While Chicken Parmesan is fairly well-known in the US, it’s of monstrous popularity in Australia, where it is called Chicken Parm, Chicken Parma, or even Chicken Parmy. Their take on the dish usually includes french fries, and was named the #37 best food in the world by CNN Traveler a few years back.

My take on the dish is surprisingly similar to the way I made it while working as a line chef many years ago; the only thing that’s changed is the breading ingredients. While plain tapioca or arrowroot starch works well for its first dusting layer, mixing the starch with some potato starch for the outer breading layer gives the outside a crisp texture. If you’re looking for a really authentic, slightly rough texture that only breadcrumbs can provide, you could toast your favorite gluten-free bread, cool it, then blend to make breadcrumbs. But as you’ll see from the pictures below, this simple preparation is pretty awesome, too.

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Although I consider Butter Chicken to be the ultimate Indian chicken curry (I saved that recipe for my cookbook), Chicken Tikka Masala takes a close second. In fact, there is little difference in the dishes – both are usually made by adding roasted chicken pieces to a tomato-based curry sauce. Butter Chicken has more, well, butter.

The origin of Chicken Tikka Masala is disputed. It’s commonly believed that it was first whipped up in Indian restaurants in the UK (Glasgow in particular is often cited), but many argue that it was first influenced by dishes from the Punjab region of India and Pakistan well before it appeared in UK restaurants.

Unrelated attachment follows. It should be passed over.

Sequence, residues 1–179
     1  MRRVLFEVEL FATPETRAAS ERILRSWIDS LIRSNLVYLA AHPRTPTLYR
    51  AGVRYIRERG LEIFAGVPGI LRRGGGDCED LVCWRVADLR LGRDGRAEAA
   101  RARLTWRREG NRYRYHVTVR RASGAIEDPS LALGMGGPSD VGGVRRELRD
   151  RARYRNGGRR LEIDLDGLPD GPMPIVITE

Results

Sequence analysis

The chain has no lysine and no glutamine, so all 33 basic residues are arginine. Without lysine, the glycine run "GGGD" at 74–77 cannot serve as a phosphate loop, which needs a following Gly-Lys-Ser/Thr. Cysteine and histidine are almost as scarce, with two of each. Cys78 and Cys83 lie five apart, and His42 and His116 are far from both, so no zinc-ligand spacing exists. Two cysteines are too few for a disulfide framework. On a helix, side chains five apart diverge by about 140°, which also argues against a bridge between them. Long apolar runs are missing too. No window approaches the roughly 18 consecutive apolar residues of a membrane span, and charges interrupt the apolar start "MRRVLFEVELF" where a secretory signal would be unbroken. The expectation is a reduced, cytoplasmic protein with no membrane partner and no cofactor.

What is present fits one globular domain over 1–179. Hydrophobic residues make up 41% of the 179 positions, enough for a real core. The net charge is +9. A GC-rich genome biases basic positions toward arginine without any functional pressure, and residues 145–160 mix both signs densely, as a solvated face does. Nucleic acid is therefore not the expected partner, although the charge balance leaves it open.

Putting the curry together is actually pretty simple – start to finish in under an hour. It gets a little complicated when the chicken comes into play, since it should be marinated for at least 6 hours beforehand (overnight preferred). But with a little forethought, this is an excellent weeknight meal.

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Last month I visited my parents in the Pacific Northwest (they live in a small town in Washington called Yelm). Along the way I stopped by and toured a few health-minded food producers in the area. First on the list: Salt, Fire & Time, a traditional healing foods kitchen in Portland, Oregon.

As expected, they had a variety of tasty and healthy food items (more on that later), but what stood out to me about Salt, Fire & Time is their journey to find the best way to bring health to its customers. It got me thinking about how businesses have to find a common ground between themselves and their community, so we’ll talk a bit about that, too.

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Yassa Poulet (sometimes called Chicken Yassa) is a West African dish originally from Senegal, characterized by its spicy marinade of peppers, lemon, and onions. I was initially drawn to this dish because the marinade uses a crazy amount of onions, and they’re not wasted; instead, they are recombined with the chicken during cooking.

Many traditional recipes call for the chicken to be browned in a skillet and then braised with the marinade until tender. That sounds good, but our nice summer weather always compels me to grill, which left me with a conundrum; how do I reincorporate the onions into this dish after grilling? The answer turned out to be simple – caramelize the onions while the chicken is on the grill. Combining the sweet, delicate flavor of the caramelized onions and the bright, crispy grilled chicken was a pretty awesome move.

I’ve also found that this makes a perfect weeknight dinner – throw together the marinade before work (or the night before), then finish the dish in less than an hour when you get home. Since both the chicken and onions are relatively hands-off, it gives you plenty of time to prepare other accompaniments along the way. Sure, it’s a bit more work than something like my Simple Grilled Chicken Drumsticks recipe, but it’s totally worth it in terms of flavor.